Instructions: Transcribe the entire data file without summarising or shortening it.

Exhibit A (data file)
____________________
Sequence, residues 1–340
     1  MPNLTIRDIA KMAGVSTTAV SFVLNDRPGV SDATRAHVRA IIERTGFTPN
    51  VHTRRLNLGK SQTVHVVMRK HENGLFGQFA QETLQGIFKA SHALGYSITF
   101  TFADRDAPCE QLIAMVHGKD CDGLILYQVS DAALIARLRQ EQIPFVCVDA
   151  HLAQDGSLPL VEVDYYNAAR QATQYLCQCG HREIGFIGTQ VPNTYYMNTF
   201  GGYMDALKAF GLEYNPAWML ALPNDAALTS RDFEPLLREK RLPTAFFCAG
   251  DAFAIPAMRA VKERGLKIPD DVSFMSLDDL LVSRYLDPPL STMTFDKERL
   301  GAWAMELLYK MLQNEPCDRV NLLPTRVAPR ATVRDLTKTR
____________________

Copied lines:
Sequence, residues 1–340
     1  MPNLTIRDIA KMAGVSTTAV SFVLNDRPGV SDATRAHVRA IIERTGFTPN
    51  VHTRRLNLGK SQTVHVVMRK HENGLFGQFA QETLQGIFKA SHALGYSITF
   101  TFADRDAPCE QLIAMVHGKD CDGLILYQVS DAALIARLRQ EQIPFVCVDA
   151  HLAQDGSLPL VEVDYYNAAR QATQYLCQCG HREIGFIGTQ VPNTYYMNTF
   201  GGYMDALKAF GLEYNPAWML ALPNDAALTS RDFEPLLREK RLPTAFFCAG
   251  DAFAIPAMRA VKERGLKIPD DVSFMSLDDL LVSRYLDPPL STMTFDKERL
   301  GAWAMELLYK MLQNEPCDRV NLLPTRVAPR ATVRDLTKTR